The top 20 New York theater shows this winter

Book tickets and stay cozy at the hottest plays, musicals and revivals on Broadway and Off.

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The mercury is plummeting and we’ll see snow any day now, so this is the time to make winter survival plans. That includes bundling up, getting exercise, not drinking too much and feeding your brain. Although spring is the truly busy time for New York theater—with shows opening to be considered for a variety of prizes (such as the Tony Awards)—there’s plenty to see between now through the end of February. January alone offers three major Broadway openings (Picnic, The Other Place and Cat on a Hot Tin Roof) and a slew of wild experimental work downtown at various festivals: Under the Radar, COIL and Other Forces. So check out our top picks for the winter, click through to the shows and start booking tickets now. What better way to stay warm than with a cozy show and the company of fellow theater lovers?

  • Photograph: Richard Termine

    Water by the Spoonful
    Second Stage Theatre
    In previews; opens January 8
    Quiara Alegría Hudes continues the trilogy she began with 2006’s Elliot, a Soldier’s Fugue in this family drama, which won the 2012 Pulitzer Prize. Davis McCallum directs the New York premiere, starring Armando Riesco as a soldier who returns from Iraq to his Puerto Rican family in Philadelphia; Liza Colón-Zayas, Frankie R. Faison, Bill Heck and Zabryna Guevara are also part of the cast.—Adam Feldman

  • Photograph: Joan Marcus

    Picnic
    American Airlines Theatre
    Previews start December 14; opens January 13
    Sam Gold directs this Roundabout Theatre Company revival of the 1953 William Inge drama about lust and shame in a small Kansas town. The top-flight cast includes Reed Birney, Ellen Burstyn, Mare Winningham and, as tortured lovers Hal and Madge, Sebastian Stan and Maggie Grace.—David Cote

     

     

  • Cat on a Hot Tin Roof
    Richard Rodgers Theatre
    Previews start December 18; opens January 17
    Last time we saw Maggie the Cat purring for her boozy, neglectful Brick, it was 2008 and the all-black version of Tennessee Williams’s classic. Now Scarlett Johansson headlines yet another revival, directed by Rob Ashford. Benjamin Walker (Bloody Bloody Andrew Jackson), Ciarán Hinds and Debra Monk also star in the juicy tale of sexual compulsion and lies.—DC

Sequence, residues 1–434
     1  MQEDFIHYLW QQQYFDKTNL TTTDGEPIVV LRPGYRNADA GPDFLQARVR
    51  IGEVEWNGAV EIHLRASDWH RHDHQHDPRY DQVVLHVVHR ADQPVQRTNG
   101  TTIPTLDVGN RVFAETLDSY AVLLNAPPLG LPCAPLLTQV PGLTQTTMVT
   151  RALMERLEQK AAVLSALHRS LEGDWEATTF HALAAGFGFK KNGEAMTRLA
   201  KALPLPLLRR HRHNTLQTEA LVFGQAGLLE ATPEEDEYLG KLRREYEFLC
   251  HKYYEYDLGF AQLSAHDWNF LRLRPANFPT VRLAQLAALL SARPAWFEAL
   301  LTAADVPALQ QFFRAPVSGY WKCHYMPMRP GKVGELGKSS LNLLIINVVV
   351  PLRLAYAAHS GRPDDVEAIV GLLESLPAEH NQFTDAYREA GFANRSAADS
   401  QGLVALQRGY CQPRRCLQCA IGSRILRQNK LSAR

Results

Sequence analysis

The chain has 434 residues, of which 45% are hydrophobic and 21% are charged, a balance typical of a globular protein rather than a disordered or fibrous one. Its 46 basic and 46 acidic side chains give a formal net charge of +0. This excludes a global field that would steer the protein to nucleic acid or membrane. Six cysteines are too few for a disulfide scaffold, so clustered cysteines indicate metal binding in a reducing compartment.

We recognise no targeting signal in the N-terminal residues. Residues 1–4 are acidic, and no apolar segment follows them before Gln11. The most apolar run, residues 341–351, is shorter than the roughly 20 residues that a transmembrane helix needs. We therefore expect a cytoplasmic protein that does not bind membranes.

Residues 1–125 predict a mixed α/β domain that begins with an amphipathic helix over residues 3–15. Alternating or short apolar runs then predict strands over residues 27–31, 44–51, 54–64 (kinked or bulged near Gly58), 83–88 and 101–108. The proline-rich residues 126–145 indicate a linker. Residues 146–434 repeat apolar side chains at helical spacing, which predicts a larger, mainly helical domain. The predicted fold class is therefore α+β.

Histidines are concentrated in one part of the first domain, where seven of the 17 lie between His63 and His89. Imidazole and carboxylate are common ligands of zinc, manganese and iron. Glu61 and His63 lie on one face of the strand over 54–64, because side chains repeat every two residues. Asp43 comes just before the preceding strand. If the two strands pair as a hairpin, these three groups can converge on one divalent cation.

• Other Forces
    Incubator Arts Project
    January 3–20
    The Incubator Arts Project joins in the avalanche of January festivals with this smaller celebration of innovative work. This year the lineup includes writer-director Julia Jarcho's new play, Grimly Handsome; a reworking of a Nellie Tinder hit from early 2012 (pictured above); and ace guitarist James Moore (Neutral Hero) doing an encore performance of John Zorn's The Book of Heads.—DC

  • Photograph: Hunter Canning

    Job
    Flea Theater
    January 4–28
    Thomas Bradshaw's alternately earnest and sick adaptation of the Biblical story revels in his typical transgressive shocks (raped corpses! castration!) but also offers tidbits of theosophical noodling about divine will and suffering. Young actors in the Bats, the Flea's resident ensemble, gamely throw themselves into the sword-and-sandals tomfoolery.—DC

  • COIL
    Various venues
    January 3–19
    P.S. 122, in temporary exile from its home base on First Avenue, schools us all in this sampler of avant-garde subjects, including theater works by Radiohole (Inflatable Frankenstein, above), Kristen Kosmas, Brian Rogers and Split Britches veteran Peggy Shaw. The shows are spread out at various venues (the Kitchen, Dixon Place, etc.), so check out ps122.org for details and to buy tickets.—DC

  • Amandine
    Cherry Lane Theatre
    Previews start January 9; opens January 16.
    Musical-theater favorites Gideon Glick, Tonya Pinkins, Alexandra Silber and Nathan Lee Graham star in a new musical inspired by 19th-century intersex memoirist Herculine Barbin. Winter Miller (book) and Lance Horne (music) weave a story of romance, gender confusion and the struggle for identity.—DC

  • Under the Radar 2013
    Public Theater
    January 9–20
    The Public and downtown impresario Mark Russell present edgy new works from all over the globe, including Nature Theater of Oklahoma's epic, ten-hour Life and Times: Episodes 1–4 (produced by Soho Rep); Zero Cost House from Pig Iron Theatre Company; an Iranian spin on Shakespeare called Hamlet, Prince of Grief; and the inimitable Taylor Mac's A 20th Century Abridged Concert of the History of Popular Music.—DC

  • Bethany
    New York City Center Stage II
    Previews start January 11; opens January 20.
    Ugly Betty no more, America Ferrera stars as a woman driven to extremes by the tanking economy in a new play by recent Juilliard graduate Laura Marks. Gaye Taylor Upchurch (Harper Regan) directs the production for Women's Project Theater, the first at the troupe's new home downstairs at City Center.—AF

  • Photograph: Greg Gorman

    The Vandal
    Flea Theater
    Previews start January 18; opens January 31.